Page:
Joan Littlewood is often described as “pioneering”. She was part of a movement which both presented working class people on the stage and made them welcome as audiences. This wasn’t new: in Shakespeare’s time, popping down to the Globe or other London theatres was a standard form of entertainment. Going back even further, your ordinary street Roman looked forward to the next arena show – whether it was plays and variety shows or combat and lion-feeding.
In the 1950s, UK playwrights and novelists began writing about the working class – and Joan’s contribution was to take this kind of work into the theatre and to use the theatre to grow more of it. She developed the Theatre Workshop, which became permanently based at Theatre Royal Stratford East in 1953. It was seen as left wing, which helped it slip from the 1950s, with their focus on the working class, to the 1960s, with their focus on deposing the establishment and valuing alternatives to traditional family life.
Joan Littlewood brought landmark productions to Stratford, including Shelagh Delaney’s A Taste of Honey (1958) and Brendan Behan’s The Hostage (1958). She was also known for her musicals, most notably Frank Norman’s Fings Ain’t What They Used T’ Be (1959) and the musical Oh What A Lovely War (1963). She had a wide vision, and also produced the British premiere of Bertolt Brecht’s Mother Courage and Her Children (1955). What is remarkable about this list of productions is that they are not dry, earnest pieces about their own times but really good and memorable shows. They were stand-out examples of the culture of their time which can still entertain today.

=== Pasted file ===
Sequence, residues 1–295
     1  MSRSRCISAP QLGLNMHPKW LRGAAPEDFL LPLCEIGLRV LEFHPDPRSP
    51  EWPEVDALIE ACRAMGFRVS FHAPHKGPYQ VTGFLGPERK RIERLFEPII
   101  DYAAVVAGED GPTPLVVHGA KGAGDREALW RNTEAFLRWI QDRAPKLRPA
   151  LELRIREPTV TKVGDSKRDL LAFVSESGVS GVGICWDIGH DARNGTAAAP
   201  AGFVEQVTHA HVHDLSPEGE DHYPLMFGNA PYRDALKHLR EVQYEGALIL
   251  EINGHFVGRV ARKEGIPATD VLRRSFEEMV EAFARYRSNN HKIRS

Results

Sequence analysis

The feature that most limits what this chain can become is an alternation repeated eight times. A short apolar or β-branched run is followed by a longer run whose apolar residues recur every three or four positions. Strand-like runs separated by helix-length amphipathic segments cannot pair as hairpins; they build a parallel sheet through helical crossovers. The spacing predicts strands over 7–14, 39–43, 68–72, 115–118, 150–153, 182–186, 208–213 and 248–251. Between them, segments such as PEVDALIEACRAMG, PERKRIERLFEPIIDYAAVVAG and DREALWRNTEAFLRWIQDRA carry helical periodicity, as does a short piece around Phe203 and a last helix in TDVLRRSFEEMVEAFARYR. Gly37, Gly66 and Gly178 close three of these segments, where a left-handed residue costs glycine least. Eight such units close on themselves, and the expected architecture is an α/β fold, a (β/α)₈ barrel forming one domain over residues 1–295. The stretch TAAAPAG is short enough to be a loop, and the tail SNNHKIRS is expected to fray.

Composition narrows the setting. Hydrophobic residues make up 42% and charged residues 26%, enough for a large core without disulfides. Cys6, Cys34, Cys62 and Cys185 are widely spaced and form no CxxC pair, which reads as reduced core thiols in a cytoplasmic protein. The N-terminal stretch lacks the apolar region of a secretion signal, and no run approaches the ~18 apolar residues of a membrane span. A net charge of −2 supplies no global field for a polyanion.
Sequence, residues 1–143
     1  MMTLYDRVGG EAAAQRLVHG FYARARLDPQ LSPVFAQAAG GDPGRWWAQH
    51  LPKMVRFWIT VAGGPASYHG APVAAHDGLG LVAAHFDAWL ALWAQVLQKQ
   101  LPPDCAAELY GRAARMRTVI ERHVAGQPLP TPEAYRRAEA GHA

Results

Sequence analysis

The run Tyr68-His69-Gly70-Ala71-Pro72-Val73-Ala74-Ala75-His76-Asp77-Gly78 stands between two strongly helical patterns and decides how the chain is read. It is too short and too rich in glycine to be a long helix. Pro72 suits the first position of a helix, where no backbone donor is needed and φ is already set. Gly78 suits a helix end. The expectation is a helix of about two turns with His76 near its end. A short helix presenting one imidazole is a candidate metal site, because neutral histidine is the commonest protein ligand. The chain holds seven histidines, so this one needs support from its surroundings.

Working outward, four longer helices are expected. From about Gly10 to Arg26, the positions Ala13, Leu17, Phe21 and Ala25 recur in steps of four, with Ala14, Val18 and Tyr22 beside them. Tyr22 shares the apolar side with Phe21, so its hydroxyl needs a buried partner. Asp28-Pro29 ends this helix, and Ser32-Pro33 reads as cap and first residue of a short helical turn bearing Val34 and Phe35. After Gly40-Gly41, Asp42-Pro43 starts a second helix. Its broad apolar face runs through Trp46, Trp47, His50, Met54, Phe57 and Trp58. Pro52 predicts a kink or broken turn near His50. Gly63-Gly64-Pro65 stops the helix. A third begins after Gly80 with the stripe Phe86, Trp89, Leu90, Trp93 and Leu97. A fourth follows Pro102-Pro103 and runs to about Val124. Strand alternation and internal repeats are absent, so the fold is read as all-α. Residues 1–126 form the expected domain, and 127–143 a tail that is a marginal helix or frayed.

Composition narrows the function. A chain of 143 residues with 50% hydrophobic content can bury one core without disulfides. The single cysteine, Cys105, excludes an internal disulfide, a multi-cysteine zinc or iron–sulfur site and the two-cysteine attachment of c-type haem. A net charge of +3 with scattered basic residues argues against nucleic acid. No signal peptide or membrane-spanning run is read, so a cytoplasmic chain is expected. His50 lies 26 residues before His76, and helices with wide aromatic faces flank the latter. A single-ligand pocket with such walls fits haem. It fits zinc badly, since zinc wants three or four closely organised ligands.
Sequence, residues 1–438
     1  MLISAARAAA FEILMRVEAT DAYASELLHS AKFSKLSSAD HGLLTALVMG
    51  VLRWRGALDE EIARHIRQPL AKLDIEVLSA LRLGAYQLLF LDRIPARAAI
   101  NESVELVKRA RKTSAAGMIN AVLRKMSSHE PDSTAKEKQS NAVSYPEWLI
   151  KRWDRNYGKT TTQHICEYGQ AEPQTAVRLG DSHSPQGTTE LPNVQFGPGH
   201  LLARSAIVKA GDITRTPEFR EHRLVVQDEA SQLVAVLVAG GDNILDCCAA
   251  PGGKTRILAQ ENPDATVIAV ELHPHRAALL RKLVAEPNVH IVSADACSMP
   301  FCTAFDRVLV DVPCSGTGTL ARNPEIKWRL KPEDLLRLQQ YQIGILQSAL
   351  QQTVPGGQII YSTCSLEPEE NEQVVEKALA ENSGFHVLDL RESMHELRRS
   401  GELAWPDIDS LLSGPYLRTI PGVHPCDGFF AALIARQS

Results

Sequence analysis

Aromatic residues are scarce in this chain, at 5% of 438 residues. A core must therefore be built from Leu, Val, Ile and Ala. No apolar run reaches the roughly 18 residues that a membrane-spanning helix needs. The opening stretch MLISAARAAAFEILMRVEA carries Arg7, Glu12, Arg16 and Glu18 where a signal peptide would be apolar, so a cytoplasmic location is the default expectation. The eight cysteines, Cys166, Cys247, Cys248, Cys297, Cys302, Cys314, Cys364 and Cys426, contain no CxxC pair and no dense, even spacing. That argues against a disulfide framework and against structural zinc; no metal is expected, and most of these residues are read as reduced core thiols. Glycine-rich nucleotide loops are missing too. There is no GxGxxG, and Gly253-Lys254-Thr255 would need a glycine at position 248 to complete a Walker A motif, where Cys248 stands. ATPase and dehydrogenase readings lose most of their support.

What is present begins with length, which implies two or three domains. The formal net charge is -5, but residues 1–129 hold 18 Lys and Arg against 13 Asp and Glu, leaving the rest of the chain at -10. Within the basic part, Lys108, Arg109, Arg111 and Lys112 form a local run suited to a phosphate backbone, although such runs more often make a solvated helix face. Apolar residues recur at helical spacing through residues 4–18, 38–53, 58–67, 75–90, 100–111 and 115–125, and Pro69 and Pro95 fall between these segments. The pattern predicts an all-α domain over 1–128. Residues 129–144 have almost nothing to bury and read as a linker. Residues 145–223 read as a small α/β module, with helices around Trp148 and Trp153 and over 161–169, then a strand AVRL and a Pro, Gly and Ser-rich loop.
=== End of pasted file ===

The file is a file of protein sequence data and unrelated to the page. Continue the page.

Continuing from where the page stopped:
Joan Littlewood was born in 1914 and died in 2002. Peter Hall said she was the “greatest revolutionary of the British theatre. Where the passion is, where the emotion is, where the entertainment is, is where Joan Littlewood is”.
Joan’s legacy continues in today’s Theatre Royal at Stratford East, which still aims to tap into its local community to create work of a high standard. It works with local young people and still has a name for creating and staging musical theatre.
In October, the person and the legacy will come together. To mark the centenary of her birth last year, the Theatre Royal commissioned a sculpture from international artist Philip Jackson. Murray Melvin and Barbara Windsor led a fundraising campaign to bring the idea of a sculpture to life. The bronze sculpture, which will be placed in Theatre Square – close to the Theatre Royal Stratford East – is to be unveiled on 4th October.
Kerry Michael, Artistic Director of Theatre Royal Stratford East said: “The sculpture of Joan Littlewood will be a permanent reminder of her great contribution not just to British Theatre, but to World Theatre. We are proud of our history at Theatre Royal Stratford East and this is the perfect way to celebrate it.”
•For more information about what is on at the Theatre Royal, go to: www.stratfordeast.com